Antibiogram and conjugative transferability of the resistance determinants of lactic acid bacteria to Escherichia coli

Date of Publication


Document Type

Bachelor's Thesis

Degree Name

Bachelor of Science in Biology

Subject Categories



College of Science




The grounds for granting lactic acid bacteria (LAB) as generally regarded as safe have solely relied on their history of long use. Current knowledge suggests that this group of bacteria, when consumed, usually commits beneficial effects to the host organism, and thus, they are purposely alive added to food products or other supplements. Drug resistant lactic acid bacteria also exist, and are documented to transfer resistance determinants to other bacteria. This in turn is considerably alarming because the addition of lactic acid bacteria in food amplifies the probabilities of the bacterial flora in the gastro-intestinal tract to acquire the antibiotic resistance determinants. The antibiotic resistances and the transferability of the resistance determinants of 13 strains of lactic acid bacteria belonging to the genera Lactobacillus and Enterococcus that were isolated from commercial dairy food and locally produced fermented food products were examined in this study. The study was aimed to determine the susceptibility of the LABs to ampicillin, gentamicin, and, streptomycin. It also aimed to determine the transferability of the resistance through conjugation to Escherichia coli SF800. To achieve this, minimum inhibitory concentrations of the antibiotics for the LABs were determined using the microdilution method. All LABs were resistant to at least one antibiotic tested, with three (RF6, MU8, and MU3) and two (MU7, and MU2) Lactobacillus plantarum isolates being resistant to two (2) and three (3) antibiotic, respectively. In addition, the antibiotic resistant LABs were conjugated with Escherichia coli SF800 on brain heart infusion agar plates. Acquisition of drug resistance was determined by selecting for the transconjugants in Mac Conkey agar plates with antibiotics. Absence of bacterial growth in the selective plates concludes that resistance genes were not conjugatively transferred. It is suggested that further studies should be done on drug resistant LABs because they have a potential to act as vectors of the widening range of antibiotic resistance determinants. It is recommended to implement a rule to govern the quality of the lactic acid bacteria used in food products before they are added into edible products.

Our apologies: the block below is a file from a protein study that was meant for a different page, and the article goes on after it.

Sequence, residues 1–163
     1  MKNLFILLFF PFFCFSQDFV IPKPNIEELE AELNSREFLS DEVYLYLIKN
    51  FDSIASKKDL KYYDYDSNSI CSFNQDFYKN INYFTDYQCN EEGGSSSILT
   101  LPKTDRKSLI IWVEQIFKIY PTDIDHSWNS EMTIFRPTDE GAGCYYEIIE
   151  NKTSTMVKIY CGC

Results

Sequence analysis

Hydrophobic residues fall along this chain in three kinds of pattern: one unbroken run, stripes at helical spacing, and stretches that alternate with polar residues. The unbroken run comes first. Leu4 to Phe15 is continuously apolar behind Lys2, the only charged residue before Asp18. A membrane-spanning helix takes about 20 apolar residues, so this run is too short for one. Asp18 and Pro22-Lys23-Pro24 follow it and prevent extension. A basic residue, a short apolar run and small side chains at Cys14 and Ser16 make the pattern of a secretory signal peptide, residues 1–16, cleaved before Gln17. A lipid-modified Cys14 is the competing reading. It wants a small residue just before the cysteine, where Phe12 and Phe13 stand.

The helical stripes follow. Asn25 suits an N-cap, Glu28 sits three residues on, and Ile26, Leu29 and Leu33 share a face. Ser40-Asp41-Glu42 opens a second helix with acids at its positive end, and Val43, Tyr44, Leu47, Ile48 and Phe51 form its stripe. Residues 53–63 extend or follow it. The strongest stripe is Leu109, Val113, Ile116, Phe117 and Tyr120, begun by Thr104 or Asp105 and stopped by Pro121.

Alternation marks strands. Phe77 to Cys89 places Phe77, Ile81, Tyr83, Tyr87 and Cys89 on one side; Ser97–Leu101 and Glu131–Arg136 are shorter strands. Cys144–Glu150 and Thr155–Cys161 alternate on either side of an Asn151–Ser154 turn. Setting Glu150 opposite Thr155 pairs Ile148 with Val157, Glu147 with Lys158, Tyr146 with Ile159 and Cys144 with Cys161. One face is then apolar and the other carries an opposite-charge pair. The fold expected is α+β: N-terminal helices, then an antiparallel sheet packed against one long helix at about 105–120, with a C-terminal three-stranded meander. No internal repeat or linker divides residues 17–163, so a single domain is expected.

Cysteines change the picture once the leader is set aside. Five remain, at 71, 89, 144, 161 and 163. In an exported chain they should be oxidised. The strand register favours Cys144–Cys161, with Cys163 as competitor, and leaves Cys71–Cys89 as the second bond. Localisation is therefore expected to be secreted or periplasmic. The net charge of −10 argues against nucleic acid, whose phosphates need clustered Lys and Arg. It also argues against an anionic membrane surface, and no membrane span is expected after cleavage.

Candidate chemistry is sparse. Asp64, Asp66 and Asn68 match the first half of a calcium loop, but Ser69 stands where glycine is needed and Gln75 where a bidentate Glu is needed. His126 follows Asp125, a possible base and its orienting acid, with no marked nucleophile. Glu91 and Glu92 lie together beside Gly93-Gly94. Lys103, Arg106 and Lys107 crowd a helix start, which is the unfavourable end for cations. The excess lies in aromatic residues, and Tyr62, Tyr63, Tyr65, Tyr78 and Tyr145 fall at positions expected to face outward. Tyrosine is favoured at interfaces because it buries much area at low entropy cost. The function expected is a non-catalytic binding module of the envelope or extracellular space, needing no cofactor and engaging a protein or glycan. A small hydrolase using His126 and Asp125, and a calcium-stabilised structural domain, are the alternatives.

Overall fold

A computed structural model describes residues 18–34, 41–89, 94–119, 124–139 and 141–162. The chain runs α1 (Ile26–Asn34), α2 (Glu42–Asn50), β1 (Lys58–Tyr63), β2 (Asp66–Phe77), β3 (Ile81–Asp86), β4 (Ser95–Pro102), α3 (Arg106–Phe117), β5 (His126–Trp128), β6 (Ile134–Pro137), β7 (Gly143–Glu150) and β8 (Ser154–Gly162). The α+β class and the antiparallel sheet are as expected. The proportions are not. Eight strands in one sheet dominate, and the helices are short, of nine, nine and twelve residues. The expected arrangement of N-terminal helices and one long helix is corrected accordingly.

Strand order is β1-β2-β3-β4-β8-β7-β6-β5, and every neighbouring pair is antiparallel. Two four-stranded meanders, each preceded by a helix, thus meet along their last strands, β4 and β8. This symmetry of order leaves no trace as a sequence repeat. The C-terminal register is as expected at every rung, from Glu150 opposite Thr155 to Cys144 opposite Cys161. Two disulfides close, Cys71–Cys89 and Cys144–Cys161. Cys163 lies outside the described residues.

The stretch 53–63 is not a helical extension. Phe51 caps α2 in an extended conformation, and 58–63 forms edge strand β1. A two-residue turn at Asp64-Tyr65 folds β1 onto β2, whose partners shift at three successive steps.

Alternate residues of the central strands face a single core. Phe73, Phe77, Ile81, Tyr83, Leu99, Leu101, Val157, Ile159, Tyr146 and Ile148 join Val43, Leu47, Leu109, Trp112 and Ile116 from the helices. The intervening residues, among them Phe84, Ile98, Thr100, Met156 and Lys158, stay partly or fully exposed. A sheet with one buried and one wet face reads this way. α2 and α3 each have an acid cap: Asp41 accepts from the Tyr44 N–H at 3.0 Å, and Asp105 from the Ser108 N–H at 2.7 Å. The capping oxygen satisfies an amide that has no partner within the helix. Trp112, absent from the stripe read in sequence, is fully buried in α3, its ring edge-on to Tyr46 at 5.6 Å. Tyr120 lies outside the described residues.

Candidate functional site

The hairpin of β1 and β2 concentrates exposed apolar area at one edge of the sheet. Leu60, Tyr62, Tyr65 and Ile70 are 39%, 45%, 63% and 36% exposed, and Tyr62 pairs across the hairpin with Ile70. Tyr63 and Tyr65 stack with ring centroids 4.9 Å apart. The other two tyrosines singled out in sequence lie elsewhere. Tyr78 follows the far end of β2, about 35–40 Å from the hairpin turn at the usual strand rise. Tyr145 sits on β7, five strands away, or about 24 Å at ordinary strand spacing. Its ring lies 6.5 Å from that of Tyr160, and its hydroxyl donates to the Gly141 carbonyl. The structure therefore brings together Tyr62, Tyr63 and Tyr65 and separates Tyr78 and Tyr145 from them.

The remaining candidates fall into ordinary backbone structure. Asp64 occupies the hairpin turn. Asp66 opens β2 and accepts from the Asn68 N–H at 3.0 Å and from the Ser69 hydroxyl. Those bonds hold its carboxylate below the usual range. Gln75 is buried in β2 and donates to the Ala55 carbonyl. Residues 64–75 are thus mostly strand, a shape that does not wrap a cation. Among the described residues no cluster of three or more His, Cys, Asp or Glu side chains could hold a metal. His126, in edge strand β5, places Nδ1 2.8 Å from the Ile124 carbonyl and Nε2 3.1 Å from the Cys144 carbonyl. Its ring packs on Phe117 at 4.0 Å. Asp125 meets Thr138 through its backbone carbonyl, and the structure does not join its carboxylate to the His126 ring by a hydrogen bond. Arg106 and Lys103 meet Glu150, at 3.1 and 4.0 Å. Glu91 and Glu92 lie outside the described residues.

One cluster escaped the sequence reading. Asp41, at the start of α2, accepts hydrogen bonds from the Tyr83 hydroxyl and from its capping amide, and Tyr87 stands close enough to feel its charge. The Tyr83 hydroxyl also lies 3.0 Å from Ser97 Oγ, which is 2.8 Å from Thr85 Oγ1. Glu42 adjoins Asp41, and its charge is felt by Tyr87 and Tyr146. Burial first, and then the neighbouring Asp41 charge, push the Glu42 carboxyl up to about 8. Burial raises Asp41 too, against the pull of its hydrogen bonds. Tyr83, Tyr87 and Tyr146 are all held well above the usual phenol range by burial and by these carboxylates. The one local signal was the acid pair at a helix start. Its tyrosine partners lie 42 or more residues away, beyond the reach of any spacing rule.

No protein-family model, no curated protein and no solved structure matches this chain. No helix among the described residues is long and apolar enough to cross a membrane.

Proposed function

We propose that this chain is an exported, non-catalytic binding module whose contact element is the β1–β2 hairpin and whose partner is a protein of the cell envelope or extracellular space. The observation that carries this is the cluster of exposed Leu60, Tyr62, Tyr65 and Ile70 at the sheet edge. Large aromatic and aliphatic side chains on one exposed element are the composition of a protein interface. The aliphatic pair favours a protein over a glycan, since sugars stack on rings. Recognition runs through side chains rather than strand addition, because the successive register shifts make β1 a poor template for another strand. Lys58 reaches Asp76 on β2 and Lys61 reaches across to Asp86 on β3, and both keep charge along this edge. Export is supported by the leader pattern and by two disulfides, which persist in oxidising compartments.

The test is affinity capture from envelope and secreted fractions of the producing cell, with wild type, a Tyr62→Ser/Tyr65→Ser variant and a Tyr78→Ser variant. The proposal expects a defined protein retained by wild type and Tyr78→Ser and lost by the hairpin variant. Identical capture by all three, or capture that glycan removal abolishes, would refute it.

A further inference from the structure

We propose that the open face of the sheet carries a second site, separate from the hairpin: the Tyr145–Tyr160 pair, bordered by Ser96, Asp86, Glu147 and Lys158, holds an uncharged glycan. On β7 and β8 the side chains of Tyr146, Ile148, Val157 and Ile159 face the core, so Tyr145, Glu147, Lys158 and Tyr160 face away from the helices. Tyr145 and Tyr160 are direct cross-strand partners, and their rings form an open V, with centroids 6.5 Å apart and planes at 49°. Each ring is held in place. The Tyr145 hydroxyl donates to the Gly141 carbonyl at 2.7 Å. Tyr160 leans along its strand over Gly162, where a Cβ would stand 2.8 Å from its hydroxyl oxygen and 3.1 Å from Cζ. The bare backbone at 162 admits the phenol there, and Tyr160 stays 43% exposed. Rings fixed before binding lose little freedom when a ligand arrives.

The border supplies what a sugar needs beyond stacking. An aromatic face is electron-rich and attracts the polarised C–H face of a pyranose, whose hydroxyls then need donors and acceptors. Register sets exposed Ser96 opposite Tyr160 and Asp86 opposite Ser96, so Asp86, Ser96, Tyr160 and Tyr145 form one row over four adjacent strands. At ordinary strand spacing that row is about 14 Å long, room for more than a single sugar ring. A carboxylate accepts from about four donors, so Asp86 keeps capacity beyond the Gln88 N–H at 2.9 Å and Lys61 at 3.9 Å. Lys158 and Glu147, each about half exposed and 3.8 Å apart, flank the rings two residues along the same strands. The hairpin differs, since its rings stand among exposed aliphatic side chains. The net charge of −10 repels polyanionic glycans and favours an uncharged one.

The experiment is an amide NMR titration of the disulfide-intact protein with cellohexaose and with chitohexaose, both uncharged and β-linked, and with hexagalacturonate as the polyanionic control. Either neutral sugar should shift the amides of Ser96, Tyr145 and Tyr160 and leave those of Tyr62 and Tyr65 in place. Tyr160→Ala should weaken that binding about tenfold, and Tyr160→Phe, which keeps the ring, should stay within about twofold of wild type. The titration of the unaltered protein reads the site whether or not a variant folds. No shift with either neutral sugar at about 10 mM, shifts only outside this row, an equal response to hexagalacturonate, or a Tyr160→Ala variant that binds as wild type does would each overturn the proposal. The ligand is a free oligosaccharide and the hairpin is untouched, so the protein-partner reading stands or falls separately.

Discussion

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Archives, The Learning Commons, 12F, Henry Sy Sr. Hall


Lactic acid bacteria; Escherichia coli

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